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Former Bellagio craps dealer, partners get prison in craps scheme

Five on the hop got him four to 10.

Former craps dealer Mark Branco, who prosecutors alleged led a long-running, $1 million scam against the Bellagio, received the harshest prison sentence Tuesday — up to a decade behind bars — for his role in orchestrating phony bets at the dice game.

Two other men, Jeffrey Martin, a former professional baseball player, and Anthony Granito, a friend of Branco’s, were ordered to serve three to 8.3 years behind bars.

Initially facing dozens of charges, the three each pleaded guilty late last year to one count of theft and one count of cheating at gambling.

Another former dealer, James R. Cooper Jr., who cooperated with authorities and laid out the scheme’s details, also pleaded guilty in the case, and awaits sentencing. Chief Deputy District Attorney J.P. Raman said he would ask that Cooper also be sent to prison.

“This is not about sending a message,” the prosecutor said. “It’s about punishing appropriately, and it’s about preventing anarchy.”

In 2014, casino authorities noticed a series of winning wagers they said defied 452-billion-to-1 odds.

From August 2012 to July 2014, the group scammed the Bellagio through one-time, high-risk oral propositions in which a player wagered that a specific number will be rolled next.

Cooper and Branco would have to be working the same table, according to Cooper’s grand jury testimony. As a shooter tossed the dice, Granito or Martin would mumble something that sounded like a hop bet and one of the dealers would pay out as if they had correctly wagered on whatever fell.

At the time, the felt on the craps table at Bellagio had no designated spot for such bets.

Odds are that over two years the crew would have lost $712,029, but they won $1,086,400, according to an MGM statistician. Granito had racked up more than $33,000 in comps and Martin had more than $12,000 that could have been used on shows, steak dinners, free rooms or a day at a spa. But they cashed in on very little.

Defense lawyers disputed the high-dollar figure was stolen money, saying that the group sometimes won legitimate bets.

MGM fraud examiner Sharon Tibbits said casino executives examined every roll of the dice available on surveillance while Branco and Cooper worked the tables.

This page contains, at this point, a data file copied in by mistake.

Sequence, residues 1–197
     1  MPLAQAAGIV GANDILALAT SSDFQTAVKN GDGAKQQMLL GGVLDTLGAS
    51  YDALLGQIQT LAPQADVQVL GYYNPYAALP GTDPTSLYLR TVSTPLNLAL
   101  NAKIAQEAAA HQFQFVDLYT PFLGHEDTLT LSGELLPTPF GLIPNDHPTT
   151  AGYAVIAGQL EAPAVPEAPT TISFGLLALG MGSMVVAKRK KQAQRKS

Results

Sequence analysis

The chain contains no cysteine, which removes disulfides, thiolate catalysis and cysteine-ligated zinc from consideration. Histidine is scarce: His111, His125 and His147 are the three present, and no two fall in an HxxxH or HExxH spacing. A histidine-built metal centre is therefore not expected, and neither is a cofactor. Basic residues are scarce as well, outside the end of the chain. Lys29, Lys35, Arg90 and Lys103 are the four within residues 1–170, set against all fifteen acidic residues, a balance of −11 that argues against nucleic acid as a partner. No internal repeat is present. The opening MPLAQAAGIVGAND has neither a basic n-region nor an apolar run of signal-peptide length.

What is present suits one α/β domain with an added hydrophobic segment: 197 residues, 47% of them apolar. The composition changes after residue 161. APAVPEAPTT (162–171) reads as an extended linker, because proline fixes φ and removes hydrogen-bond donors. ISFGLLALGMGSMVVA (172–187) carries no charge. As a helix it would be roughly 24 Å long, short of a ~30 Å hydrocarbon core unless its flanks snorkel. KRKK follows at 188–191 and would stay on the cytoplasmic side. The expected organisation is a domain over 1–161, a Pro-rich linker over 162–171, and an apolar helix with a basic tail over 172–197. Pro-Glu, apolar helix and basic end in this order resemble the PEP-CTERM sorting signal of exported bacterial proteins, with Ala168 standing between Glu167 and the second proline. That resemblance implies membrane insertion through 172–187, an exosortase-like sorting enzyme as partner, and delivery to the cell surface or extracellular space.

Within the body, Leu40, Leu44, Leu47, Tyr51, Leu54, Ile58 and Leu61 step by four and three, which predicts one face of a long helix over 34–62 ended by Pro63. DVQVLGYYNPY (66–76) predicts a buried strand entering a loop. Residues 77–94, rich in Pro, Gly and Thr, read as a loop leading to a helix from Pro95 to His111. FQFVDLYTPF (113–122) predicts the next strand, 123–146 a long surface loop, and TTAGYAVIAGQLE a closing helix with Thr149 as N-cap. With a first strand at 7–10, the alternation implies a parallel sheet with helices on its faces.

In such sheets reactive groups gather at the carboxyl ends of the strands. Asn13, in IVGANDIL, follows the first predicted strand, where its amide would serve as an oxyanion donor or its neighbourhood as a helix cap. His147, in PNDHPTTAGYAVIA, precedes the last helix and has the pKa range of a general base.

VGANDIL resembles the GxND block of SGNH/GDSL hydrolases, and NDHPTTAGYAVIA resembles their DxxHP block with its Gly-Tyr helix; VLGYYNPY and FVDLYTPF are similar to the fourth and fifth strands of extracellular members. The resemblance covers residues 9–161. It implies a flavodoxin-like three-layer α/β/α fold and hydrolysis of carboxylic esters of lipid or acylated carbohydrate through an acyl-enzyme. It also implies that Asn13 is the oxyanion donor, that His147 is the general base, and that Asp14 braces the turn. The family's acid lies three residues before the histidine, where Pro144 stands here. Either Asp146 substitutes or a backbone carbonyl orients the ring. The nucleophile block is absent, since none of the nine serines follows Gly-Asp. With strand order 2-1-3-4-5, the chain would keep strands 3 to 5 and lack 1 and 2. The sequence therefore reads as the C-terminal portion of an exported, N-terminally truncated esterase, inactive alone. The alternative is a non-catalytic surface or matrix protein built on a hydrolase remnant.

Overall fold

Granito and Martin lost thousands of dollars on fair wagers they placed to distract attention, but always walked away with a profit because of the phantom bets.

Standing in court in a dark suit, the 43-year-old Branco wiped tears from his eyes as he pleaded for probation.

“I’m truly sorry for what I’ve done,” he said. “I take full responsibility for my actions.”

Defense lawyer Andrew Leavitt called Branco a “supportive father, good friend” and “helpful, reliable and selfless individual” with no criminal history.

Martin, who played minor league baseball for the Kansas City Royals, Pittsburgh Pirates and Cincinnati Reds organizations between 1995 and 2002, said he was “ashamed,” “heartbroken” and “remorseful.”

The 39-year-old has worked for the Las Vegas Baseball Academy and coached young ballplayers in his own organization called Las Vegas Curve, according to his attorney Lucas Gaffney.

Martin struggled with a gambling addiction since he was a child, the attorney wrote in a sentencing memorandum, but “never participated in any sports gambling while he was involved in playing professional baseball.”

Gaffney also argued that culpability in the scheme was unclear, and the prosecutor acknowledged that Martin once won $90,000 on legitimate bets.

Granito, now 49, suffered a heart attack when he learned of the 60-count indictment against him in September and underwent triple bypass surgery, his attorney Dennis Leavitt said.

“Money got the best of me,” Granito said of his role.

In handing down the sentences, District Judge Valerie Adair pointed to the high-dollar figure pulled from the Bellagio pit game.

“It seems to me that when these offenders concocted this scheme and executed it time and time again, they had to realize that if apprehended, the likely outcome was prison,” she said. “I’m not aware of any other offenders receiving probation for like amounts.”

Contact David Ferrara at dferrara@reviewjournal.com or 702-380-1039. Find him on Twitter: @randompoker

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